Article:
Dear parents, please keep your strollers off accessible beach walks this summer


Dear parents, please keep your strollers off accessible beach walks this summer


In very simple terms, ableism is described as discrimination of disabled people in favor of able-bodied people. It’s a type of prejudice in our society that doesn’t get nearly enough exposure, which has led to a lack of understanding when talking about forms of ableism or ableist acts. Let’s talk about it more and louder.


When I was tilting in my all black wheelchair, crisping (or burning) at the beach the other day, I had a realization. I realized how much ableism surrounds me in my daily life and how I have become complacent about it. Living in a world that wasn’t built with you in mind is ... all the synonyms that are associated with annoying. But, they’ve become normalized so much so that even I overlook it at times.


Beach access for wheelchair users is a big topic. Who doesn’t love to go beachin’? Yo ableds, us disableds and our bodies will be appearing at beaches too, so make room and save the stares. The ONLY way wheelchair users can access the beach with their peers, from the comfort of their own wheelchair, is on the accessible boardwalks that go from the sidewalk onto the sand (unless it is weirdly hard sand that your wheelchair can roll on without getting swallowed up). Some beaches have accessible beach wheelchairs you can rent so that you can use to access the sand. The downside with those are that ... you heard the word RENT .. yes. Capitalizing off disability and society’s lack of disability access is a thing. Yes, that’s ableism. Also, they are very basic chairs that aren’t suitable for people like me who are most comfortable in my wheelchair that was fitted for me and my comfort.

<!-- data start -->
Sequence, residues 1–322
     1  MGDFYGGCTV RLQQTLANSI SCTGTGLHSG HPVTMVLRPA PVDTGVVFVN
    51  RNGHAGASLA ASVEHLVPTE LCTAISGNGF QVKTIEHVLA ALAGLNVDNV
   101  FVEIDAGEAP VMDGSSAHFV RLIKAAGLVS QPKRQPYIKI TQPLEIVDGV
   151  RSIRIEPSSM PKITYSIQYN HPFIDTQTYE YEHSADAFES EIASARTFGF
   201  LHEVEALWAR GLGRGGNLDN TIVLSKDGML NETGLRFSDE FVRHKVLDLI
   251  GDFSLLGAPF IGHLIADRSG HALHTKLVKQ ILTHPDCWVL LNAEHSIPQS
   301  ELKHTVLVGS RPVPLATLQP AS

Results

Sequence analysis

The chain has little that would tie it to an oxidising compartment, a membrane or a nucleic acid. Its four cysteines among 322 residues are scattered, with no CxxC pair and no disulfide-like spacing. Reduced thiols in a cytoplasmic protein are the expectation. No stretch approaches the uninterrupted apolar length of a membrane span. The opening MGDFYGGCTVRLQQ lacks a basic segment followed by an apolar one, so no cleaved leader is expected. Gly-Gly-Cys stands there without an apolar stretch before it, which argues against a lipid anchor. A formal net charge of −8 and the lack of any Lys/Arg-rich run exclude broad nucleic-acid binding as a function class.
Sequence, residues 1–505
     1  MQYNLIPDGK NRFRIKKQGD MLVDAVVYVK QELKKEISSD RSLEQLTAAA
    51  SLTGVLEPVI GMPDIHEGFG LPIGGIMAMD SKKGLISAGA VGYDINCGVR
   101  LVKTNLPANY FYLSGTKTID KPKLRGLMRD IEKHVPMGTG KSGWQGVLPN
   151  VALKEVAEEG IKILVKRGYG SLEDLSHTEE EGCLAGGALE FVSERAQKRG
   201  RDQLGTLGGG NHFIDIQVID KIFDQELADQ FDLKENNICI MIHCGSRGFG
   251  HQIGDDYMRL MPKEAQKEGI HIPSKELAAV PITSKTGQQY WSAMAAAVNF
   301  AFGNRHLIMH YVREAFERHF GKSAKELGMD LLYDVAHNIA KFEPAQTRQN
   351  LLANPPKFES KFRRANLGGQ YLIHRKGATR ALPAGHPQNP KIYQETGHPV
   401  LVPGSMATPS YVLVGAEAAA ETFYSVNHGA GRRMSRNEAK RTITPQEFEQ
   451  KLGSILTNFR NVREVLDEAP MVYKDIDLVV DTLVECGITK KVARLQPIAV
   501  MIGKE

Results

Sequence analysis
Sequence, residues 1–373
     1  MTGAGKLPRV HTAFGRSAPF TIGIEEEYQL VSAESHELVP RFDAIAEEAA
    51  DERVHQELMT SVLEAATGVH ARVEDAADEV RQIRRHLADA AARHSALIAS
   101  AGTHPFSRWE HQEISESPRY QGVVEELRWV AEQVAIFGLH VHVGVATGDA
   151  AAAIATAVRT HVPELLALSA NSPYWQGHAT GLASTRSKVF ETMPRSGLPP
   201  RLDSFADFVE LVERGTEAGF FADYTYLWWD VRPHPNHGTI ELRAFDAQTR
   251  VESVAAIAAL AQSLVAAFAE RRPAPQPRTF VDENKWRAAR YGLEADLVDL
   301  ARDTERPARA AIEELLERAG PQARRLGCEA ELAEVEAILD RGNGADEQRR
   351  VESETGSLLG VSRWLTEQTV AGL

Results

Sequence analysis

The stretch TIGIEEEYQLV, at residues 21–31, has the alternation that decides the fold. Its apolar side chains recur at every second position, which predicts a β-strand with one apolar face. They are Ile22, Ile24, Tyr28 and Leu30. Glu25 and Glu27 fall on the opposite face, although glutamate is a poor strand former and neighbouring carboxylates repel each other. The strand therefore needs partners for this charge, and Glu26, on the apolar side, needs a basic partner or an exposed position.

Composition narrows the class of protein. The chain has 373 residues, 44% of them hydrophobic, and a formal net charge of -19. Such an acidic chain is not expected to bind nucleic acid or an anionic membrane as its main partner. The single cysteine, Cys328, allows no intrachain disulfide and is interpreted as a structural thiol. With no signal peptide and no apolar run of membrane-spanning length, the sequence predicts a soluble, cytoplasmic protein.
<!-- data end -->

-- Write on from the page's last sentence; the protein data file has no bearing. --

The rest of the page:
The only viable option for all wheelchair users is the boardwalks that go on the sand. While these ACCESSIBLE boardwalks were made for wheelchair users to access the sand, patents flood them with their strollers.


Countless times I’ve been to the beach and have had to awkwardly wait for parents to move their strollers nervously out of my way so I can catch some rays with my friends. This is a pretty uncomfortable experience and it’s all due to a lack of disability inclusion and awareness. Strollers can go on sand, wheelchairs can’t. Strollers are optional; wheelchairs are necessary. Sure, you might get really tired from holding squirmy Timmy all day, instead of comfortably pushing him from a stroller, but it’s still an option whereas wheelchair users don’t have any other option.


So, when you bring your kiddos to the beach this summer, before you start building a 10 foot record breaking sand castle, remove your strollers from the accessible board walks. Keep in mind what they were built for and respect that. I’m not saying don’t use them at all, just don’t keep your strollers sitting there. Instead, put them on the sand and make a little room for your disabled babes who desperately need Marg and a tan, on the rocks.